For quite a while now, I've been trying to be more supportive of bookshops rather than Amazon. There are few independent bookshops in my area, so I have to settle for chains such as Waterstones, but I've also taken advantages of a weekly second hand market stall.
The Dead House Dawn Kurtagich Genre(s): Horror, Paranormal, Young Adult Published: August 6th 2015 Pages:440 Rating:4 stars “Twenty-five years ago, Elmbridge High burned down. Three people were killed and one pupil, Carly Johnson, disappeared. Now a diary has been found in the ruins of the school. The diary belongs to Kaitlyn Johnson, Carly’s identical twin sister. But Carly didn’t have a twin . . . Re-opened police records, psychiatric reports, transcripts of video footage and fragments of diary reveal a web of deceit and intrigue, violence and murder, raising a whole lot more questions than it answers. Who was Kaitlyn and why did she only appear at night? Did she really exist or was she a figment of a disturbed mind? What were the illicit rituals taking place at the school? And just what did happen at Elmbridge in the events leading up to ‘the Johnson Incident’?” This was a re-read with Ashleigh from A Frolic Through Fiction, Molly from Molly's Book Nook, and Aimee from Lovely Book Loves I've never read a book written in such a unique way as The Dead House. The story of Carly and Kaitlyn is told through diary entries, snippets of police reports, transcripts of therapy sessions, and just about anything else you can think of. It's a massive jumble of thoughts and emotions that leaves you confused and on the edge of your seat, but somehow it works.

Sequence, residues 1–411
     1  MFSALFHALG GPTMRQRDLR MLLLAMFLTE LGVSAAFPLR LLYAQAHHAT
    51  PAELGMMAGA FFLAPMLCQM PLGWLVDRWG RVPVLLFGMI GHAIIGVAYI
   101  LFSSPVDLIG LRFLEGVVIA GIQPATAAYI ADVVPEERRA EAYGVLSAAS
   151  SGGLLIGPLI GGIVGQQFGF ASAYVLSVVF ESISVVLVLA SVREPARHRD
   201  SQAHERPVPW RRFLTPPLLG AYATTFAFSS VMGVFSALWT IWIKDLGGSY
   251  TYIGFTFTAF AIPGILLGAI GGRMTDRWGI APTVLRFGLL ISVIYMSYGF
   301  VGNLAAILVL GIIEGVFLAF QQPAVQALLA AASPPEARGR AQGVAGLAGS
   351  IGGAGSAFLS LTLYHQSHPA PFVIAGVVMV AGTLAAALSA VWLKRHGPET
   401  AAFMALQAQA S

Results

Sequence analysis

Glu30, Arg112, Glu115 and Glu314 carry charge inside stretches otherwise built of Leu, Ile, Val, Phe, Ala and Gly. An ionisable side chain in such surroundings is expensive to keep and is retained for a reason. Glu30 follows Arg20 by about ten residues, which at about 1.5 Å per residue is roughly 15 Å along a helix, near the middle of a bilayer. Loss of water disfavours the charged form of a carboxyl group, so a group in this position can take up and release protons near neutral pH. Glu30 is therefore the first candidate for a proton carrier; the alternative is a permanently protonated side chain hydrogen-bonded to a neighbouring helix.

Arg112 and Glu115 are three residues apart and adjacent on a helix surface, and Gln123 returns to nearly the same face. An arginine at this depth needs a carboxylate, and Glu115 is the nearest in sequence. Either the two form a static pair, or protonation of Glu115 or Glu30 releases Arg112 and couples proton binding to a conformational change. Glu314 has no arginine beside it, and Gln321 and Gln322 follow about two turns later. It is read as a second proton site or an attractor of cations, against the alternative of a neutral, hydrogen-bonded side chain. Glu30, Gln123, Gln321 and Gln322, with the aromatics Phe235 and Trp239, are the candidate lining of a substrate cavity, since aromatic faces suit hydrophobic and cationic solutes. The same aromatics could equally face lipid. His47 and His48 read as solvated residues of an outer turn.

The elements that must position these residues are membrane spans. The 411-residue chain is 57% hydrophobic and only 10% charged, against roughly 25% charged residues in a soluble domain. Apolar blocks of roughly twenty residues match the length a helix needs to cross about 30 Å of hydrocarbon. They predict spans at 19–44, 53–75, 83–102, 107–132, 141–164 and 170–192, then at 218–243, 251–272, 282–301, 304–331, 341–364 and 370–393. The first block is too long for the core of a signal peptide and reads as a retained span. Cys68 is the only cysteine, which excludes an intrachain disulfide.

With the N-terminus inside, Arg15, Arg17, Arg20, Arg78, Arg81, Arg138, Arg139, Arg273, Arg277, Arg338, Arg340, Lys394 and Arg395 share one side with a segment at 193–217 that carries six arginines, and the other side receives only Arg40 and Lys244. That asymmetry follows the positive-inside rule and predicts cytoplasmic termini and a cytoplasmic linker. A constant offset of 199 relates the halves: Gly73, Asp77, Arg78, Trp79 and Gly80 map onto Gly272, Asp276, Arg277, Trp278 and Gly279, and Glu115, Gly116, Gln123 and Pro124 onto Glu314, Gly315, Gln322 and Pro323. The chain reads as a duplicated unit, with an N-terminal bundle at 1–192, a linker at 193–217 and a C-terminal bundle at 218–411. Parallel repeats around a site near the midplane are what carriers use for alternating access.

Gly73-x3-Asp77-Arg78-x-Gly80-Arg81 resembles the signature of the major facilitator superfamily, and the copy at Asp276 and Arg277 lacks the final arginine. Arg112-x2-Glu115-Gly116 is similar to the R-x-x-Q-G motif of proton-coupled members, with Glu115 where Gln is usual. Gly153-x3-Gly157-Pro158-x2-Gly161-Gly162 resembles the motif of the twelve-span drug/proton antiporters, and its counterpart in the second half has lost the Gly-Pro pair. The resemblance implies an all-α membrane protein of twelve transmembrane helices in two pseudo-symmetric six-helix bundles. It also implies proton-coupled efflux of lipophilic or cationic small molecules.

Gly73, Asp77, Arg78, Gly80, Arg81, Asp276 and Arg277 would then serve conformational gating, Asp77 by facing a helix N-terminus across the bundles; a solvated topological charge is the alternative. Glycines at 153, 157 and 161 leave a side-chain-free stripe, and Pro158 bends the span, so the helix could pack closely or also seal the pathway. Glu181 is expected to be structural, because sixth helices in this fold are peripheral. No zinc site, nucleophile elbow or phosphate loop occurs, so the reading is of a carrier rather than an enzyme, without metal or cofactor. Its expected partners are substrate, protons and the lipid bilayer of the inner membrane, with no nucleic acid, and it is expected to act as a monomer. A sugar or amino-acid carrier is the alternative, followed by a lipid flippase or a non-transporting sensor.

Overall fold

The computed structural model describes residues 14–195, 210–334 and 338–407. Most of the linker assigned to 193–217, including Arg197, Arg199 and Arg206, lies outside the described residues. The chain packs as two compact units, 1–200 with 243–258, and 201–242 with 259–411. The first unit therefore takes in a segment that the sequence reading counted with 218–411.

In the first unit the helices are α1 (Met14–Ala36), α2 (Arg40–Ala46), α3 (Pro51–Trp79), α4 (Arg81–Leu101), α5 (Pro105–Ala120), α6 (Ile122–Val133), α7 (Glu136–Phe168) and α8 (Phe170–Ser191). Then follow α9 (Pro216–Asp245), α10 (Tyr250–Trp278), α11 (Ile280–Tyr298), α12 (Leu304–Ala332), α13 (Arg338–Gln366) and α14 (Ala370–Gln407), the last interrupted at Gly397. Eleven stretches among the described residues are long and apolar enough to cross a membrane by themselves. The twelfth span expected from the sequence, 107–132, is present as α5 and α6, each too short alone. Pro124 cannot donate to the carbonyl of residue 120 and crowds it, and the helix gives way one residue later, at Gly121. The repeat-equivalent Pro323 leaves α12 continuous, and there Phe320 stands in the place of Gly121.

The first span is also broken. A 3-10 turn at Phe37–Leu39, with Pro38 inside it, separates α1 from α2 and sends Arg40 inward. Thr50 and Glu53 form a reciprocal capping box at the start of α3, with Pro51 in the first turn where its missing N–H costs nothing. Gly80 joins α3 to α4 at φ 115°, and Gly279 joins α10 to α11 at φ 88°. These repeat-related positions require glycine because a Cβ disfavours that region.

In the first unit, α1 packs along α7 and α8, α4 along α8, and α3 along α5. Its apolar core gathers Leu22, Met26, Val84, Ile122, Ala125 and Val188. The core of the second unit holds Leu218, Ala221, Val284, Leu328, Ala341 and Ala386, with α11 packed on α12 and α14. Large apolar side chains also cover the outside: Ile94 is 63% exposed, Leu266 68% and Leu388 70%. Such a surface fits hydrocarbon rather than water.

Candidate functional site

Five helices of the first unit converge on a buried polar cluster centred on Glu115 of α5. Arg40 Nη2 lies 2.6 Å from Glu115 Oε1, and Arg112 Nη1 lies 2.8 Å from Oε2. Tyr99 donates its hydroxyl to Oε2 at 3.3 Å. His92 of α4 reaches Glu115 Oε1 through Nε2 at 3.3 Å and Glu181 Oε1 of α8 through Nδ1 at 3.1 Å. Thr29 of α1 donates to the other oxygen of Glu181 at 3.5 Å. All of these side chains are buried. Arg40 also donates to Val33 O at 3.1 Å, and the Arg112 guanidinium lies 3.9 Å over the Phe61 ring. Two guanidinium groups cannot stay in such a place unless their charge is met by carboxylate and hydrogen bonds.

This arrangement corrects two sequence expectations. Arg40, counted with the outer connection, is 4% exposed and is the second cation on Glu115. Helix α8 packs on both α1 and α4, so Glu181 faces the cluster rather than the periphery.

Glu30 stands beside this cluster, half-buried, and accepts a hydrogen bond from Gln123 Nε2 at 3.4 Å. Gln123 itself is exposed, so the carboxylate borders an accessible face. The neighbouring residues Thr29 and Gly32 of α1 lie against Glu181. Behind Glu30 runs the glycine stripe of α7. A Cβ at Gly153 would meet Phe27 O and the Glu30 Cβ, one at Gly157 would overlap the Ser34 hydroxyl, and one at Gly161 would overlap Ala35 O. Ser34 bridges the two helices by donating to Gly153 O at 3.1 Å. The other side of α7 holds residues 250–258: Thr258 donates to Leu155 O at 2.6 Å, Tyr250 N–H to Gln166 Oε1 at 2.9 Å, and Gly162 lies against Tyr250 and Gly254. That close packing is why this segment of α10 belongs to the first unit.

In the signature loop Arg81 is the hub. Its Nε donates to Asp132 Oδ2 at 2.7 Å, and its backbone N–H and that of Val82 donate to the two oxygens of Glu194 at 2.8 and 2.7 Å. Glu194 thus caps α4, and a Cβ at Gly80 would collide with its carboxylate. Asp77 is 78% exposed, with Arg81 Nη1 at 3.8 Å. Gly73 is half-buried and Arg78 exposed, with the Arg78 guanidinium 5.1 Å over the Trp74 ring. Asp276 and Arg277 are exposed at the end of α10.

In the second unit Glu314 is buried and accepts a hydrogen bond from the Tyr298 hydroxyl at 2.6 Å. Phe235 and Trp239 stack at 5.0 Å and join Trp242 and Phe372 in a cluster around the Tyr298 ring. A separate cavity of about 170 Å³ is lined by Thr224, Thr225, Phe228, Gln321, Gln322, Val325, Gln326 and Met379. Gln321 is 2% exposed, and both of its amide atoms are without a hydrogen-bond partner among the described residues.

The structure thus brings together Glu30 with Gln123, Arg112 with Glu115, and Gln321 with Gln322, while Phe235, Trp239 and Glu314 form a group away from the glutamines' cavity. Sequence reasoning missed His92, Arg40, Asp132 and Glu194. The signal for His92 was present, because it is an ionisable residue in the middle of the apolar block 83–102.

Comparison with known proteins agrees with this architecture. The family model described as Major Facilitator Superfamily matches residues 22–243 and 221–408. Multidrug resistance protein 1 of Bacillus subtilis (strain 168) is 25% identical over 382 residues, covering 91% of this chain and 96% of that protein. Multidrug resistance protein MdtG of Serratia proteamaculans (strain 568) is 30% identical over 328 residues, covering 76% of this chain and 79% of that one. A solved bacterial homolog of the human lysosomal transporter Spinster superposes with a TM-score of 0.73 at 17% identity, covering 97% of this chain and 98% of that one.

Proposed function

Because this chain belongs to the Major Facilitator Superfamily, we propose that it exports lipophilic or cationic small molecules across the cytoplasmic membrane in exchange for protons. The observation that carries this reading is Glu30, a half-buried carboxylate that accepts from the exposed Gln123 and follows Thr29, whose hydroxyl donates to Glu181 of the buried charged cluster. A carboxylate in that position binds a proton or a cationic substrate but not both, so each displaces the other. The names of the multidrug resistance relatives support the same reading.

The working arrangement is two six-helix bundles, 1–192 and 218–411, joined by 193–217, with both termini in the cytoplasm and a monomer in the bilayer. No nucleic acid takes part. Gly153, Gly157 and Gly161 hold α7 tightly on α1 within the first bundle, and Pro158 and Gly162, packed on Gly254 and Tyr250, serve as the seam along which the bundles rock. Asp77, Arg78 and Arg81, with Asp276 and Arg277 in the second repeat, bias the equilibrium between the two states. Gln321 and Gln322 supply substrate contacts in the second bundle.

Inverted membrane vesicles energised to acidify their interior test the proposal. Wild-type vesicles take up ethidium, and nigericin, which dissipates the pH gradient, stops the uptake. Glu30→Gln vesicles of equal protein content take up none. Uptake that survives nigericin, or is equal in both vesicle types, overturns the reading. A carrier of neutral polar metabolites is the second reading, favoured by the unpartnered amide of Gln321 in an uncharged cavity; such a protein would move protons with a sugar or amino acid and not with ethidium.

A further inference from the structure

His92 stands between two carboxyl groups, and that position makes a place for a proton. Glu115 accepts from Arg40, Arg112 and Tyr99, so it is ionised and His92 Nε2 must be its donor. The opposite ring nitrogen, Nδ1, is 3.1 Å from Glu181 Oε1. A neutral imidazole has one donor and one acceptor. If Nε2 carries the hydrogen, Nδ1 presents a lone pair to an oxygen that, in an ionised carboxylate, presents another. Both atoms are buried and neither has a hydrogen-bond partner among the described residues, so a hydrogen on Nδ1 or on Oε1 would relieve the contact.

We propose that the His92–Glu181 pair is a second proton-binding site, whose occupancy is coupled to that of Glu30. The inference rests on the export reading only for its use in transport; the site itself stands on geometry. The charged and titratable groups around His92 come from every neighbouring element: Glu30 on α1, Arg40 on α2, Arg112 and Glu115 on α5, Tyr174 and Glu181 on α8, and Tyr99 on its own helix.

From the very beginning, psychology and mental illness takes a big part in Carly's and Kaitlyn's lives. It's hinted at that Carly has an eating disorder (or poor eating habits, at least) and that Kaitlyn is the result of trauma and Dissociative Identity Disorder. While I am fond of this idea and the inclusion of mental health, it's never confirmed one way or another, and from my own research into disorders it seems unlikely. That only acts as a way of opening many, many more doors, however.
There's an element of religion, thanks to Carly's best friend, Naida, which makes you wonder if there are supernatural elements at play. So much of the book is shrouded in mystery that nothing is unlikely, and things only start to get creepier and more unnerving. I wish the Mala had been explained in more detail, or just substituted for spiritual practises that already exist, as it felt a little underdone and thrown in at the last minute. Nevertheless, I did still enjoy the creepy element the runes and charms and chants provided.
The best part of this book is also it's weakest point, and that's that it lets you come up with your own answers. My biggest problem with this, despite how fantastic the story telling is, is that there isn't a sense of resolution and finality with the ending. Yes, our time with the girls is over, but it doesn't feel as if we have all the answers. Things are left open to interpretation and are incredibly vague and ambiguous. Great, if you enjoy deciding what happens for yourself, but I wanted some definitive answers.
My personal theory, however, is that Kaitlyn is the 'true', unwell, self and Carly was a product of trauma and psychosis, and that Kaitlyn was vulnerable to the supernatural. Or maybe I'm completely wrong. Who knows?